The exhibition is organized around the three primary means by which architecture found itself in unprecedented if at times inadvertent contact with other artistic practices: overlaps in their working methods, the conversion of their respective viewers and clients into users and in their response to the collapse of utopianism under the obdurate weight of social and ecological conflict. Because broad historical forces shaped each of these categories, Procedures, Users and Environment, they resonate with developments elsewhere, yet the specific ways they unfolded in Los Angeles were also informed by particular features of the city.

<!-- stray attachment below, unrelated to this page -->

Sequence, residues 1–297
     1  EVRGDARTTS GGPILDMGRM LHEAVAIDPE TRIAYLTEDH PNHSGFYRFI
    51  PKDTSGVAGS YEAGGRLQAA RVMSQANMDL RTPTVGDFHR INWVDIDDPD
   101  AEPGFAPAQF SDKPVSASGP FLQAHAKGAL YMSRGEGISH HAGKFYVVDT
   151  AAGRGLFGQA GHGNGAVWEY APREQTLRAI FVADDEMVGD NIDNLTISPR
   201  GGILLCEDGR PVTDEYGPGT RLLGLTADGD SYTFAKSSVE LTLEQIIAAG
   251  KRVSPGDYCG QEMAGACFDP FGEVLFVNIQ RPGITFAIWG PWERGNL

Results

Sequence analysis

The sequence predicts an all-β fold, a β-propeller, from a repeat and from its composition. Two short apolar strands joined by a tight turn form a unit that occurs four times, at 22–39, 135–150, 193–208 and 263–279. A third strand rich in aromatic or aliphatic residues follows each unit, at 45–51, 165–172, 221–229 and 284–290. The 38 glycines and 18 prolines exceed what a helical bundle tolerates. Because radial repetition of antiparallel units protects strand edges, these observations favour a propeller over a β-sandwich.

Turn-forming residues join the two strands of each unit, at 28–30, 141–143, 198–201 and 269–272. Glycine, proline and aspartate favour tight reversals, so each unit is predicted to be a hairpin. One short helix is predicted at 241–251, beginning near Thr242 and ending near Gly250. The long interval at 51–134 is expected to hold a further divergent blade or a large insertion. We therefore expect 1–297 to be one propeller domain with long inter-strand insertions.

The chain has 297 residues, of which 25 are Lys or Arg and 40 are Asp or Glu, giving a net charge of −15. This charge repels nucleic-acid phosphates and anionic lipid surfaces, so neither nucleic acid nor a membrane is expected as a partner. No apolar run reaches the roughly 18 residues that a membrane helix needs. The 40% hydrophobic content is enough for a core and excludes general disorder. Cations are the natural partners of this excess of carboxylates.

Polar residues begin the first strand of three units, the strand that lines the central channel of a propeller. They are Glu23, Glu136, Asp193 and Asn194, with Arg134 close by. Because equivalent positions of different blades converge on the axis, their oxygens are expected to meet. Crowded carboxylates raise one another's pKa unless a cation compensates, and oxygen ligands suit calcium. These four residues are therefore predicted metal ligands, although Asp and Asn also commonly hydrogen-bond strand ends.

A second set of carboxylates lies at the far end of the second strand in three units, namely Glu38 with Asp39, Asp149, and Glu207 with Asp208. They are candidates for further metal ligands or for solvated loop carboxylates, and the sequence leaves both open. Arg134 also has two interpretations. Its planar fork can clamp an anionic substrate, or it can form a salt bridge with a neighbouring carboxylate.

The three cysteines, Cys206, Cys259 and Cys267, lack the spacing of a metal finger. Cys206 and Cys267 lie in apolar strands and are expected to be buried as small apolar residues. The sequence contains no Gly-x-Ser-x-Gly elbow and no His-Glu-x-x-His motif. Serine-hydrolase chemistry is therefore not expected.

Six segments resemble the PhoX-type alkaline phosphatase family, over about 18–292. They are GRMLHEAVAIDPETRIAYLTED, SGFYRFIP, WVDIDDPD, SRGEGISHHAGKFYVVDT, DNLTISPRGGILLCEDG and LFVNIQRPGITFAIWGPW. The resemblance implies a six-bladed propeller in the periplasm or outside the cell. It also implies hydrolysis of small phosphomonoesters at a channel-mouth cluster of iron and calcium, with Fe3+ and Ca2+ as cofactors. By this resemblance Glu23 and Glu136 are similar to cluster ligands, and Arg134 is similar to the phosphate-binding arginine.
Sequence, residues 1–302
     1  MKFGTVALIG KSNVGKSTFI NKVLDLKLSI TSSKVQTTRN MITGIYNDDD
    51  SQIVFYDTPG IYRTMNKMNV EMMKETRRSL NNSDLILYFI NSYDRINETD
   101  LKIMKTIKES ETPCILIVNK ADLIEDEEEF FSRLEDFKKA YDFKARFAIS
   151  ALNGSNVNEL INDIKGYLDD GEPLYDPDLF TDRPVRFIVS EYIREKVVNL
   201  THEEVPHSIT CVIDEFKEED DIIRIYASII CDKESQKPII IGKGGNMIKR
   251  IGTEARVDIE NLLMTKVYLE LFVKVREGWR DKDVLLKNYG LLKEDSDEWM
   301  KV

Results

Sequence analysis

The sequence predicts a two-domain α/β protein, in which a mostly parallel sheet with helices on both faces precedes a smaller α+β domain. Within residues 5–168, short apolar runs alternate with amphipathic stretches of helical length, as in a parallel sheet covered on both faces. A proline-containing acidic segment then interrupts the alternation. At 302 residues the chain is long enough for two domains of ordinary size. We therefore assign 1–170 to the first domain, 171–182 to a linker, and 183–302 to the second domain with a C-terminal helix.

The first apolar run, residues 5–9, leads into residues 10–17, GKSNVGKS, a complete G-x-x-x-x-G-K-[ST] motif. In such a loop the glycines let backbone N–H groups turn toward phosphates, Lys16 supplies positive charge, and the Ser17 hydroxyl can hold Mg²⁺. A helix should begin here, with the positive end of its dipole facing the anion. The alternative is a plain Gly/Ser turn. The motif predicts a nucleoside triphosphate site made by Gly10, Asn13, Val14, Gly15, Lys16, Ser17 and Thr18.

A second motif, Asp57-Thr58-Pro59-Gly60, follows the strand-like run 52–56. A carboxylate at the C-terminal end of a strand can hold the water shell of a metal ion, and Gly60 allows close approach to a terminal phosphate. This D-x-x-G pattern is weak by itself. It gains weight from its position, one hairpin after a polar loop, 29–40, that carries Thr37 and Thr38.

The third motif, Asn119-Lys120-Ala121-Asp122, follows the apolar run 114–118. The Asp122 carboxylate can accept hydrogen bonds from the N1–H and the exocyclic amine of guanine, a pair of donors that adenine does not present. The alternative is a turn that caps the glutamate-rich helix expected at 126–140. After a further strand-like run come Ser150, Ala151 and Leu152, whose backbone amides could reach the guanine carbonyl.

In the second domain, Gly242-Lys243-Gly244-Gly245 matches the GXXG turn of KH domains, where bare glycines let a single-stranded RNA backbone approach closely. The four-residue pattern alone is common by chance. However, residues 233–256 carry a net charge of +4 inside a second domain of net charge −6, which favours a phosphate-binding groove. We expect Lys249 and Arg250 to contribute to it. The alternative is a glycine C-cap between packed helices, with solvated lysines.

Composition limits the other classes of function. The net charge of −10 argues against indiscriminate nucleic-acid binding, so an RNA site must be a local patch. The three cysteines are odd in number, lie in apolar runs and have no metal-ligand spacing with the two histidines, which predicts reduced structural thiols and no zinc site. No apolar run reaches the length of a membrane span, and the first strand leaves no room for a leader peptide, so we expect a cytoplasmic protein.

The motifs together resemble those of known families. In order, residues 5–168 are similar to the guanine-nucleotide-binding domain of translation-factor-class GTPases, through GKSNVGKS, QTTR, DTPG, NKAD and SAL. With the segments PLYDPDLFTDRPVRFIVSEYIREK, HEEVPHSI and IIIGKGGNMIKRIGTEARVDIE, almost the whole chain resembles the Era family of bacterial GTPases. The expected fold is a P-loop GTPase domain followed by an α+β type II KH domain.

The history of classification amongst the various arts includes not only parallel formal or theoretical interests but the cultural and technical geography of spaces, modes of production and divisions of labor. It was precisely the nexus of these structures that changed in the late 1960s when a new intimacy between architects and artists arose as individuals shared workspaces, neighborhoods and institutions as well as more and more instruments and protocols for making work. Artists began to engage their studios as architecture through adaptive reuse and installation design, scavenged buildings and their components as material for what became increasingly difficult to refer to as sculpture, used photography as a form of urban analysis, and began to draw, model and write proposals for work manufactured by others or not at all. In other words, artists began to operate as architects. Architects, in contrast, began to produce a whole array of objects that were independent of the building process, were ultimately displayed in galleries, engaged new media and modes of representation and were grounded in conceptual rather than practical concerns. In other words, architects began to operate as artists. By examining such things as the projective drawing, systems for the assembly of parts and components, as well as the commercial tools, industrial materials and new photographic methods that suddenly began to be used by artists and architects alike, Procedures emphasizes operations that cut across disciplines and the ways in new values and questions emerged as these procedures shifted place.